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07-24-2011, 10:42 PM   #1
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FA or DA Lenses For Kr

Been looking into getting a macro lens. I haven't really been able to settle on a lens mainly because they are so expensive. I am hoping to find a good deal on a used lens at some point, but I was hoping someone could point me in the right direction. Leaning 99 percent on an auto focus.

Should I be looking into an FA or DA lens? Or should I be looking into something else?

I'm merely a hobbyist so I don't want to spend hundreds of dollars on a lens.

I know I can look up the differences between the two types of lenses, but I was hoping to get perspective from actual people. What are the main benefits/drawbacks of the two types of lenses?

Thanks in advance.

07-24-2011, 11:14 PM   #2
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There's really no practical difference between the two, except that the two latest macro lenses, the DA 35 and the DFA 100, lack aperture rings so you can't do fancy things with bellows, etc. All Pentax macros are full-frame lenses with the exception of the 35mm. As far as new macro lenses go, you have the following choices:

macro Lenses - Pentax Lens Reviews & Comprehensive Database

And here are your used FA choices (only the 100mm F3.5 is affordable):

macro Lenses - Pentax Lens Reviews & Comprehensive Database

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07-24-2011, 11:14 PM   #3
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Pentax has several series of high-quality lenses includig the FA Ltd, DA Ltd, DA*, FA*. All are excellent, but none are cheap.

Simply a good lens is not cheap, but it is worth every penny.

Importantly you need to consider carefully several parameters:
- set yourself a budget;
- what focal length to do you need ? There are some excellent Pentax macro at various focal lengths incl. 35mm, 50mm, 100mm, ... and much more if you include third-party lenses,
- consider carefully if you want a dedicated macro prime;

Then you can make an informed decision, using the PF lens reviews, in-depth reviews and independant reviews at photozone.de and slrgear.com.

Hope that the comment will help.
07-25-2011, 12:21 AM   #4
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I have the KR too, and it's so loud. The super loud AF noise isn't going to help you on a bug safari. So you'll probably MF the lens anyways. AF would be for using the lens as something other than a macro. I use my Tamron for portraits, etc. If you really want to go cheap you might really consider a MF macro lens. You can get one of the Panagor clones for a little over 100. Otherwise the Pentax 100 macro lets you quickshift focus, and that would be a nice feature.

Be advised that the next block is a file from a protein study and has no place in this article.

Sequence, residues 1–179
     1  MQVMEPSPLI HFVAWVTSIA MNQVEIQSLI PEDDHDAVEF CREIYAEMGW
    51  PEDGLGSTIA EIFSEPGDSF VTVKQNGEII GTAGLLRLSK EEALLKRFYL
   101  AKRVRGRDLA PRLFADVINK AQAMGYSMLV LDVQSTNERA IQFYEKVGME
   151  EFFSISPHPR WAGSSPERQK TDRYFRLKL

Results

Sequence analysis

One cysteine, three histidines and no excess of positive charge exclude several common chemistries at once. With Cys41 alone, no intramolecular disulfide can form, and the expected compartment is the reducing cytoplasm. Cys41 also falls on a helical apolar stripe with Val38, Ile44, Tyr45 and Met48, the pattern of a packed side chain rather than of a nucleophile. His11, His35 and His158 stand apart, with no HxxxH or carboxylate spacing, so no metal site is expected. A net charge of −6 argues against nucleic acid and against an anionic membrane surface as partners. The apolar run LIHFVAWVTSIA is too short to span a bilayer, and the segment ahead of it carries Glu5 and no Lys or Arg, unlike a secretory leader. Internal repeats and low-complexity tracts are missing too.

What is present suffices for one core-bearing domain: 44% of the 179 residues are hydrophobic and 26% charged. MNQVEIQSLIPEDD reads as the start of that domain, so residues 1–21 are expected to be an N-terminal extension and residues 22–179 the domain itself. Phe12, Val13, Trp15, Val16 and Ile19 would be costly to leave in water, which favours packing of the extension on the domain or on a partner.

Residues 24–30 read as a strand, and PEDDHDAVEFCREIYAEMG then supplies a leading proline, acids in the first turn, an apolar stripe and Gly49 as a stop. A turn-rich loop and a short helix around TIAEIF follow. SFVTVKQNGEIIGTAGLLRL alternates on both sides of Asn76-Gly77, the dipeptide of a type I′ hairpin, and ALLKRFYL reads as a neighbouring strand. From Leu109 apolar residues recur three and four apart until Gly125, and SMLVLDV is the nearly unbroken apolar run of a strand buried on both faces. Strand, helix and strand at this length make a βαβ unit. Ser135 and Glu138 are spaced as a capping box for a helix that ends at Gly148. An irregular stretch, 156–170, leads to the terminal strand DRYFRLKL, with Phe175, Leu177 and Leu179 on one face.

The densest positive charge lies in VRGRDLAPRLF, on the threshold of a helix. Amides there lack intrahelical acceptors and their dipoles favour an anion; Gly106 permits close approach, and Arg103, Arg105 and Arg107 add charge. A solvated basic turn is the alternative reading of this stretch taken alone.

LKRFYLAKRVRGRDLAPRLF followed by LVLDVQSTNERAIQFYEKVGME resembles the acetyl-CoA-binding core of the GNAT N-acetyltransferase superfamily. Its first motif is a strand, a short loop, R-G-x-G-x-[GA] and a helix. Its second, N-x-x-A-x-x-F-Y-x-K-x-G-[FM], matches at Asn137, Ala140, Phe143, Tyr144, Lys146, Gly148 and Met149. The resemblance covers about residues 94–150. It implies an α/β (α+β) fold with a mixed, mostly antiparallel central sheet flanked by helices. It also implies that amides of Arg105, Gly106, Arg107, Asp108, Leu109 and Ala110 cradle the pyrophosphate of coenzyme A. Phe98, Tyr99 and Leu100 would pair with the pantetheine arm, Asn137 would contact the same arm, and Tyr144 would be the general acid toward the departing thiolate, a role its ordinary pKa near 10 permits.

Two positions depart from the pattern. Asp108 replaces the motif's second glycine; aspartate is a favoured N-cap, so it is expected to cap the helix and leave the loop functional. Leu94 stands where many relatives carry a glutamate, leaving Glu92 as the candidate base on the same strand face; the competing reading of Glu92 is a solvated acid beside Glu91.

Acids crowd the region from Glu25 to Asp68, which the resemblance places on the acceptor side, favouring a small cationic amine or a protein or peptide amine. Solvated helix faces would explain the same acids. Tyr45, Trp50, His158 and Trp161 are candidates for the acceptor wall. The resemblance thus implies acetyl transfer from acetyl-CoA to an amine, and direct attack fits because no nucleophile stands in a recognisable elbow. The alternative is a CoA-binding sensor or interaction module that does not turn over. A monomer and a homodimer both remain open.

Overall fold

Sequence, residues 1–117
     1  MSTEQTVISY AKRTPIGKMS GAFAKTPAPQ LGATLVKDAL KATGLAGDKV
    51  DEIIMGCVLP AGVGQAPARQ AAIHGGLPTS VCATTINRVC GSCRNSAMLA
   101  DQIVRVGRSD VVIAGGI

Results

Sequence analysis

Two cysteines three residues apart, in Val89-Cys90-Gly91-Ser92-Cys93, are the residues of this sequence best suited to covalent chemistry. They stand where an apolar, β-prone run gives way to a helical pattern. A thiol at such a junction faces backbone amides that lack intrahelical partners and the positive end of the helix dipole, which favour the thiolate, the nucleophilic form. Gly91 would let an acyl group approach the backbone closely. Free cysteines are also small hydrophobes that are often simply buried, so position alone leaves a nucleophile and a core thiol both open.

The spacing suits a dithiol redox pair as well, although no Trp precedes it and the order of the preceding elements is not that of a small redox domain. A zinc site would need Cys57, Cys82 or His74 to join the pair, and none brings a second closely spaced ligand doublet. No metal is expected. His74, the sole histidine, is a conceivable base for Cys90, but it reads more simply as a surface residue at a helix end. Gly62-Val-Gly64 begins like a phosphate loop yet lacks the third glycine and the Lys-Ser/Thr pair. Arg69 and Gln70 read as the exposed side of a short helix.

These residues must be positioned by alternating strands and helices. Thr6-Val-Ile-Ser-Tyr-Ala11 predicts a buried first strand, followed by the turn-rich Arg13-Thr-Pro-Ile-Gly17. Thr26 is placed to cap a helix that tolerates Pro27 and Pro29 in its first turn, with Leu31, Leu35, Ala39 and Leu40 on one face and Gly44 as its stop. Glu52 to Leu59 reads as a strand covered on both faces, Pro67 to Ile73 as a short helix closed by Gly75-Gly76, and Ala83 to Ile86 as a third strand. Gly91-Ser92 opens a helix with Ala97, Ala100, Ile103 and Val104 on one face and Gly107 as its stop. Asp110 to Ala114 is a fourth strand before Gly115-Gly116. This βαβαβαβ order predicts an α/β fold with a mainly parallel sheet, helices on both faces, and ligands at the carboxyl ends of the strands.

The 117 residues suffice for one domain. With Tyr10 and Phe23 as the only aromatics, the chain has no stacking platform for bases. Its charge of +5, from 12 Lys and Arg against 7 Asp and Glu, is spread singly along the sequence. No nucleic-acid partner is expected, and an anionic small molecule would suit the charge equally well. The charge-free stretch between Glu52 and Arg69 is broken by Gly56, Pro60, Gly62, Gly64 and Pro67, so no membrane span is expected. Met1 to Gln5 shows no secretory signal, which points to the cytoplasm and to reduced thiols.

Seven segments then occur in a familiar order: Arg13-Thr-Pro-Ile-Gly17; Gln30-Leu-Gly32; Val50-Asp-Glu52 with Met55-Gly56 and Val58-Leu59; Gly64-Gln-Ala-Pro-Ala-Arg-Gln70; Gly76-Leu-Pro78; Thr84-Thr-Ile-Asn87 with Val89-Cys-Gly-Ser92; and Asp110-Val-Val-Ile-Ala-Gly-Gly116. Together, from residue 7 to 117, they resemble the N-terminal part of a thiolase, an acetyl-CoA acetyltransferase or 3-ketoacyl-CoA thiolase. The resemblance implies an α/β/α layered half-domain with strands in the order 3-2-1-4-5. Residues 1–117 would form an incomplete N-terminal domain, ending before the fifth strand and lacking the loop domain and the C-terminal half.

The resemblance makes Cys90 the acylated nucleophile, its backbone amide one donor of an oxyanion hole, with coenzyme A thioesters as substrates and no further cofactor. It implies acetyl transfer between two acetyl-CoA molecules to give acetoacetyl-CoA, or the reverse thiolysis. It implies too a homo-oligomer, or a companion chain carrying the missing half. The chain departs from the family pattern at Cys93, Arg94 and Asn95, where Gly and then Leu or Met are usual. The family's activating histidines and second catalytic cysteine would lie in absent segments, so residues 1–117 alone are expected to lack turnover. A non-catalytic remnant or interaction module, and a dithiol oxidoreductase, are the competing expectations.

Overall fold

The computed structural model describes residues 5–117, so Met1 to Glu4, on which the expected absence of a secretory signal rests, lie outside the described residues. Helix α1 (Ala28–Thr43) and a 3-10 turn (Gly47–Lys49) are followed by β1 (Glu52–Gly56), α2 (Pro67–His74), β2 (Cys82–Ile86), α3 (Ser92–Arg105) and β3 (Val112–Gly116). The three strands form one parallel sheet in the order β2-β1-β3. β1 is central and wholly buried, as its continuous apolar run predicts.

Have you looked into getting a Raynox at all? You could have what you need for 60 bucks.

07-25-2011, 01:53 AM   #5
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I'm definitely going to get one of those Raynox lenses when I can afford it (I know, they're cheap, but things are tight right now). They look like a great starter for macro stuff, and so much cheaper. They also have the flexibility of being able to attach to multiple lenses, so lots of experimentation is possible.

As for the noise level of the K-r, I use it for bugs every day and have yet to scare one off. Maybe they're all deaf, but it really doesn't seem to bother insects. Birds on the other hand... it's nice when you want them to look at the camera, other times it's a bit frustrating.
07-25-2011, 05:14 AM   #6
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You can do either AF or MF with macro. I have an AF Quantaray 28-90 that is really nice and I got it shipped for <$35. Its a re-bagged Sigma lens but by all accounts this 28-90 is significantly better than the 28-80 version.

On the MF front, I have the M50/f4 and M100/f4 and an M42 Pentax Bellows. It really depends on how much magnification you are going for which one you should consider. If you want greater than 1:1 then a bellows is a good choice.

For just being out and about and taking butterfly pics and an occasional flower pic the AF is fine for my purposes. When I want to do something more serious its usually in the studio (such a fancy term) and I use the MF lenses.

I guess the take away message is to not forget that there are 3rd party AF macro lenses and the older MF lenses can be had a far less than the current crop of Pentax AF Macro lenses too.